Michael Clarke Backs Away From Cricket Comeback Story
Michael Clarke has backed away from a bombshell story that he could make a cricket comeback, saying it is out of control.
The former Australia captain confirmed he has made an offer of help to national cricket boss James Sutherland as the game reels from the ball tampering debacle But Clarke will not practice in the nets while commentating on the IPL, as suggested in a News Corp Australia story.
This article is out of control! Let me make very clear that I have not sent any formal offer to James Sutherland to come back and play cricket. I sent him a message as a friend offering to help Australian cricket in ANY way I could (this could mean mentoring the under 14s)— Michael Clarke (@MClarke23) April 8, 2018
I won’t be batting in the nets in India in preparation for a comeback 😂😂😂 and as I have always said the game owes me nothing, I owe it everything. Have a great Sunday 👍🏏— Michael Clarke (@MClarke23) April 8, 2018
"This article is out of control! Let me make very clear that I have not sent any formal offer to James Sutherland to come back and play cricket," Clarke posted on Twitter.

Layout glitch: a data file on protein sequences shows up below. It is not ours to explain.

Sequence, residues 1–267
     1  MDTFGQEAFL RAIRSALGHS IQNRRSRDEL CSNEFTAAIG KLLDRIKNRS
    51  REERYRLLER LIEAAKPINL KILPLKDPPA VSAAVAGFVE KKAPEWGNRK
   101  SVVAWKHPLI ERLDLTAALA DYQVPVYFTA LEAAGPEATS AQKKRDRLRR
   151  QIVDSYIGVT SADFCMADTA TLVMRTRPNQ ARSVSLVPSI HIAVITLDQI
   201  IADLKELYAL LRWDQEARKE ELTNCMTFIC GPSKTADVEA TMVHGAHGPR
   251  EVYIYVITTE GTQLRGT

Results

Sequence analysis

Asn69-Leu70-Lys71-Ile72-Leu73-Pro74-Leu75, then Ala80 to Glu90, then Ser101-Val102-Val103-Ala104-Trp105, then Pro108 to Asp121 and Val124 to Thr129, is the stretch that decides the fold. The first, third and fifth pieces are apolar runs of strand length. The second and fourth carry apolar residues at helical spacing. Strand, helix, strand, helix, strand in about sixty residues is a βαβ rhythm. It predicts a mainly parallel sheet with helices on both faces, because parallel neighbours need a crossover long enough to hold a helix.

"I sent him a message as a friend offering to help Australian cricket in ANY way I could (this could mean mentoring the under 14s). "I won't be batting in the nets in India in preparation for a comeback and as I have always said the game owes me nothing, I owe it everything."
Clarke was quoted in the story as saying he "would do anything to help the Australian cricket team". He also expressed concern about how his offer of help would be received.
"To be honest I'm so nervous about the headline and how it's perceived," he said.
"But I can't just sit here and do nothing - I feel I owe the game too much."
Test captain Steve Smith, vice-captain Dave Warner and fellow batsman Cameron Bancroft have all accepted their lengthy bans stemming from the ball-tampering scandal.
Their suspensions leave a gaping hole in the Australian top order. Clarke, who retired after losing the Ashes series in England three years ago, was quoted in the article saying he would play for free.
Clarke added he is yet to hear a response from Sutherland, the Cricket Australia chief executive.
The 37-year-old Clarke battled with a chronic back problem in the latter stages of a glittering career in which he scored 8,643 runs in 115 Tests and chalked up 28 centuries.
But he is confident he is fitter than he has been for years and desperate to give something back to the sport in the wake of the disastrous end to the South African tour.
"I've never cared about age. Brad Hogg played at 45," Clarke was quoted as saying.
"I don't think it's about a number. I think it's about commitment and devotion. "It's like getting back on a bike. I'm as fit and healthy as I've ever been. "The time away has been great for my body."